Honeywell International and BorgWarner have settled their dispute over the patent-infringement lawsuit brought by BorgWamer over a titanium wheel used in engine turbochargers.
Though BogWamer sought more than $100 million, Honeywell agreed to pay an amount of $32.5 million for the license to use the BogWarner patents.
This is additional proof that BorgWarner is a global technology leader in powertrain solutions including turbochargers, said Timothy M.
Manganello, Chairman and Chief Executive Officer, BorgWarner. We are proud of our long history of leading turbocharger innovation and our continued investment in research and development. BorgWarner is pleased with its return on this investment — both through the development and sale of innovative products and through the receipt of fees related to patent infringement lawsuits.
Turbocharger , which compress air to improve the power and efficiency of smaller engines, have become more widely used in United States since the federal government's corporate average fuel economy targets were raised to 35.5 mpg by the 2016 model year.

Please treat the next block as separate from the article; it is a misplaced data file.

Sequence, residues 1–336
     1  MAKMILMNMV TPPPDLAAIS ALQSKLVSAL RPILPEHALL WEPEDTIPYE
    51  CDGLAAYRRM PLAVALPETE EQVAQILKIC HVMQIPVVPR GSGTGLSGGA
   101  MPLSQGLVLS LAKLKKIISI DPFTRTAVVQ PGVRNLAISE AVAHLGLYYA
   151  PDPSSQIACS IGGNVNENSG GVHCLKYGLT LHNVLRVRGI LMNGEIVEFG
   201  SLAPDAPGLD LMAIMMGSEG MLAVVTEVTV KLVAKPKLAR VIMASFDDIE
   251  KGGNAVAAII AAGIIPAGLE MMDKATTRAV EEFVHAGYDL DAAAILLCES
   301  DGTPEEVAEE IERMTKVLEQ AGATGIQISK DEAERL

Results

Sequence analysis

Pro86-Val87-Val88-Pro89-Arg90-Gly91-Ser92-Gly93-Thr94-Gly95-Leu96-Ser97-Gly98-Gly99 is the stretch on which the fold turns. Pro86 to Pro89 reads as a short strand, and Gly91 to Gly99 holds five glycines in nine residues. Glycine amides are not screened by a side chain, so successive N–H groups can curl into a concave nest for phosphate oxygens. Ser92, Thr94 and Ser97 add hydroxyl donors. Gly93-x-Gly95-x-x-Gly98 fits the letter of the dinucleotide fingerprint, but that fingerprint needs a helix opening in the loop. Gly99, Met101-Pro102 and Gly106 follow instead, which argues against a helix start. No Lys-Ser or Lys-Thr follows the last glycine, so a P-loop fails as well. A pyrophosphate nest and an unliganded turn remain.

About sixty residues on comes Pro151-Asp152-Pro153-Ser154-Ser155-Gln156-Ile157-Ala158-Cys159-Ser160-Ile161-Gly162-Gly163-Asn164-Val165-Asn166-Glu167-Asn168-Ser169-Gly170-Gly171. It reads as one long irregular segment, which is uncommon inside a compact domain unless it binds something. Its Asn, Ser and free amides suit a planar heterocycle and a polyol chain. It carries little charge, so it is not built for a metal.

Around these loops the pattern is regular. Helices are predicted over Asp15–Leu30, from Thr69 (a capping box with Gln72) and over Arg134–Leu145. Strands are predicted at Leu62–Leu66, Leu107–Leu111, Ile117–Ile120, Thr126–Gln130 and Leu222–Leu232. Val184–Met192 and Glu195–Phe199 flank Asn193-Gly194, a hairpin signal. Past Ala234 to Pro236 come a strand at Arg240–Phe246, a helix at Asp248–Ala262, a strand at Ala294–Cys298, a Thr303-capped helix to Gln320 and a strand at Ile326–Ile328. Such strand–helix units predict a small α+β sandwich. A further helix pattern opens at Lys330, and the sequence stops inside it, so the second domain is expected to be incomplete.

Adding a turbo can enable a four-cylinder engine to deliver the power of a V-6 while retaining the size, weight, and fuel-efficiency advantages of the smaller engine. BorgWarner gets 30 percent of its total sales from turbochargers and has a 33 percent share of the market . By the end of this financial year it is expecting a rise in its sales by 23 percent.
With the growing market for turbocharger, Honeywell International and BorgWarner are wrestling to ride the crest of the market.
By 2015, about 20 percent of automobiles made in North America will be turbocharged, Honeywell forecasts.